Western blot analysis.

Whole-cell lysates of overnight cultures of V. vulnificus were analyzed by sodium dodecyl sulfate-polyacrylamide gel electrophoresis (SDS-PAGE) using 16 or 18.5% acrylamide gels (26). Following electrophoretic separation, the proteins were transferred to nitrocellulose membranes (65), incubated with polyclonal anti-PilA antiserum, and analyzed with the Renaissance Western Blot Chemiluminescence Reagent Plus enhanced luminol kit (NEN Life Science Products, Boston, Mass.).

Biofilm formation assay.

Biofilm formation was quantified with borosilicate glass tubes (13 by 100 mm), as well as 96-well polyvinyl chloride (Falcon 3911 Microtest III) and polystyrene (Costar) microtiter plates at 25 and 30°C. The assay was conducted by a previously published protocol (39). Briefly, strains to be tested were grown overnight in modified TCG broth with 5-μg/ml chloramphenicol (for strains with the plasmid pMMB67.EH) and 1 mM IPTG (for strains with the plasmid pRP383) at 30°C with shaking. The following day, 200 μl of a 1:100 dilution of each culture was transferred into the appropriate tubes or microtiter plates and incubated statically for 24 h. After incubation, the wells were washed three times with 1× phosphate-buffered saline (PBS), stained with 1% crystal violet for 15 min, and washed three times with PBS. The biofilms were solubilized in 95% ethyl alcohol, and the absorbance was measured at 595 nm. Duplicate assays were performed with 24 replicates of each culture within each assay.

Tissue culture adherence assays.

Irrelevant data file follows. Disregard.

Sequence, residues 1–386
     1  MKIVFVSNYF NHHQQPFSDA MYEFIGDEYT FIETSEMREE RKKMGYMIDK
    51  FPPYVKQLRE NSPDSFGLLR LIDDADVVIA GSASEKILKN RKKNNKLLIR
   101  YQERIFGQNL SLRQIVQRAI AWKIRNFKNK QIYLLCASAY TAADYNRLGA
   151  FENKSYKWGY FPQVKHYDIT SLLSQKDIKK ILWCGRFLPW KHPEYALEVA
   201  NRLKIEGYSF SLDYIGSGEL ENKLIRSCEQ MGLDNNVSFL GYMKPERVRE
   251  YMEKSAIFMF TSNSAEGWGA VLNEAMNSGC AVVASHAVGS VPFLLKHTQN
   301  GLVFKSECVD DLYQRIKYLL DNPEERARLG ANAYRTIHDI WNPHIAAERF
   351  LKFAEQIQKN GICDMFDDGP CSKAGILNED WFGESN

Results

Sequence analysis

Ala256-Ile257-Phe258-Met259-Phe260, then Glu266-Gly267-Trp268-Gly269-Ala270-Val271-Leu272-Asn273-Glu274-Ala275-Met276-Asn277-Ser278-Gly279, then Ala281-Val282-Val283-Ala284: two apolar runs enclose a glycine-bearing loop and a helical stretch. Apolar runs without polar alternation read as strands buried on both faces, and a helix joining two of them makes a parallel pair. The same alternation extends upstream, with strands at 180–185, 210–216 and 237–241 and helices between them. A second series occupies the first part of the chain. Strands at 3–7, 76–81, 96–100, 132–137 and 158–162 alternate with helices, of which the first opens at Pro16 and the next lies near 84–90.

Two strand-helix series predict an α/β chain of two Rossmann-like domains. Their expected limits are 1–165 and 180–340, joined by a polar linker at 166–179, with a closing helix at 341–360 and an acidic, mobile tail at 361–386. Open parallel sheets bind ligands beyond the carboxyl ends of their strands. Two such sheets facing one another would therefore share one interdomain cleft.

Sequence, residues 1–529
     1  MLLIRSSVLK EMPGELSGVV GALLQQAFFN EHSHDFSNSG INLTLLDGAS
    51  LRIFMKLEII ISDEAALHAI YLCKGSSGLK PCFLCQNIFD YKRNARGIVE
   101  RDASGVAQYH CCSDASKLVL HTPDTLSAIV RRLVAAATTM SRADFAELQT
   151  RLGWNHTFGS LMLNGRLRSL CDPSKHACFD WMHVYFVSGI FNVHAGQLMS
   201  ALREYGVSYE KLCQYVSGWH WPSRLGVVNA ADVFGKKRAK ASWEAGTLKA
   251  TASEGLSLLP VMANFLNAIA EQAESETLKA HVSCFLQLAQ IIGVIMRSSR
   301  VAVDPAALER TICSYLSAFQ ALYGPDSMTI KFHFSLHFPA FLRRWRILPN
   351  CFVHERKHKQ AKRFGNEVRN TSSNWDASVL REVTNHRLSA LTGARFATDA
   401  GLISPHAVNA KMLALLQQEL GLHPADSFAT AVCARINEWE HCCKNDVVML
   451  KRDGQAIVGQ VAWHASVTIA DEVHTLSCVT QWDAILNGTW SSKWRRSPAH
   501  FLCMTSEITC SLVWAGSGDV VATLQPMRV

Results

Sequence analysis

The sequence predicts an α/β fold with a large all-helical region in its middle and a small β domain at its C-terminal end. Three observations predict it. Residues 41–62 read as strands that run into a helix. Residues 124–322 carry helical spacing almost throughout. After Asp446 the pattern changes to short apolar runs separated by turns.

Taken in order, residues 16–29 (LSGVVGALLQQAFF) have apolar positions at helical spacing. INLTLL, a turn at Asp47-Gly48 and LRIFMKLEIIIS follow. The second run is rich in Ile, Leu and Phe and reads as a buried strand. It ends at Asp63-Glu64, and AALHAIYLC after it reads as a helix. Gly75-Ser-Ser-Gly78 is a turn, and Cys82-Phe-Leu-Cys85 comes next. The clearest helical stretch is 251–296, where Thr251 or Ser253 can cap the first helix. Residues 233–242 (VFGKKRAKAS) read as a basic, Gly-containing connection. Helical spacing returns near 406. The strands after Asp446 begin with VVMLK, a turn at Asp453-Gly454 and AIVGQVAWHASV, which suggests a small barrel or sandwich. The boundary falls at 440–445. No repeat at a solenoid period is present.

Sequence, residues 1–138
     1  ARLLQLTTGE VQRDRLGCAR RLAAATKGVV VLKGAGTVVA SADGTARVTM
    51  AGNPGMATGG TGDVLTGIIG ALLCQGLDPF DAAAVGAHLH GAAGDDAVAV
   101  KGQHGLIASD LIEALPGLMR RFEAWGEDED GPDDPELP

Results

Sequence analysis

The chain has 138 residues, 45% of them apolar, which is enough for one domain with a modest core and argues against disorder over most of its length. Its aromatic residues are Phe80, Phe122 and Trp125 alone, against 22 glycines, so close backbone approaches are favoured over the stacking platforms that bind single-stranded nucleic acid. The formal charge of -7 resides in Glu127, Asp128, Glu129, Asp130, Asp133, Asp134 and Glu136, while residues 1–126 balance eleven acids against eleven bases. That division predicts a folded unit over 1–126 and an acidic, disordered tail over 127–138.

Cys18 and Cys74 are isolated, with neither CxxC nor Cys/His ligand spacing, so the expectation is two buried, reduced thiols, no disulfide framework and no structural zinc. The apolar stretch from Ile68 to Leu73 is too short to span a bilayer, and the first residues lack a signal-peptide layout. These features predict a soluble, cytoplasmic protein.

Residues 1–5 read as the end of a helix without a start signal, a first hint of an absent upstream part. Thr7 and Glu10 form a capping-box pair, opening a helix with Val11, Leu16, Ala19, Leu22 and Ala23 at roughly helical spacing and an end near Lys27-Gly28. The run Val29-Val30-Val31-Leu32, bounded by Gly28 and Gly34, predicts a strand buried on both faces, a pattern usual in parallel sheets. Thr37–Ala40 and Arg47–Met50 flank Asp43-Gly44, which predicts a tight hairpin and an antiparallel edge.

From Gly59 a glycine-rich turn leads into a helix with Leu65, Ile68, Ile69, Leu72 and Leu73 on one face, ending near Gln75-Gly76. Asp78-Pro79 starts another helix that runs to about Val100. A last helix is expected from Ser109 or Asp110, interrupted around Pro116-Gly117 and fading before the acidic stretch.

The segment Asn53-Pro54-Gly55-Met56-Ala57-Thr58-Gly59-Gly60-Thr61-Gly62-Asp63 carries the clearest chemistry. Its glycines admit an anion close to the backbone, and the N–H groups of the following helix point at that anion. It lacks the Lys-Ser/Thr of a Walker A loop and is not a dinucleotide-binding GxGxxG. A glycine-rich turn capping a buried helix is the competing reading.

Quantitative adherence assays were performed by two methods with human epidermoid carcinoma (HEp-2) cells. In the first method, HEp-2 cells were seeded at a concentration of 2 × 105and grown overnight in minimal essential medium (MEM) with Earle's salts and 10% fetal bovine serum, on sterile tissue culture-treated coverslips (Thermonox; Nunc no. 174950) in 24-well microtiter plates at 37°C with 5% CO2. The cells were prepared for the assay by washing twice with Hanks' balanced salt solution and incubated for 1 h with 1 ml of serum-free MEM with Earle's salts. Duplicate sets of V. vulnificus strains were grown overnight in modified TCG broth with 5 μg of chloramphenicol and 0.2 or 1 mM IPTG per ml (for strains with pRP383) at 30°C with gentle agitation. One set of cultures was radiolabeled by adding 10 μCi of [methyl-3H]thymidine (87.4 mci/mmol) per ml to the broth before overnight incubation. Labeled and unlabeled overnight cultures were adjusted to the same OD600, harvested by centrifugation at 6,000 × g for 1 min, washed three times in MEM without serum, and resuspended in the same medium. The number of CFU per milliliter was calculated by plating serial 10-fold dilutions of the unlabeled bacteria. The efficiency of labeling for each of the radiolabeled strains was calculated as the number of CFU per cpm (79). Six-cell monolayers were inoculated for each strain tested with ~8 × 106 to 9 × 106 bacteria (multiplicity of infection between 30 and 40), centrifuged at 670 × g for 10 min at 10°C, and incubated at 37°C in 5% CO2 for 30 min. Four uninoculated coverslips with HEp-2 cells only were included to determine background cpm. After incubation, the monolayers were washed four times with Hanks' buffered salt solution to remove nonadherent bacteria, and the coverslips were transferred to Ecolume scintillation fluid (ICN Biomedicals (Costa Mesa, Calif.). The number of cpm per coverslip was assessed with a Beckman LS 3801 scintillation counter. The number of bacteria per monolayer was calculated by multiplying the cpm per coverslip by the efficiency of cell labeling.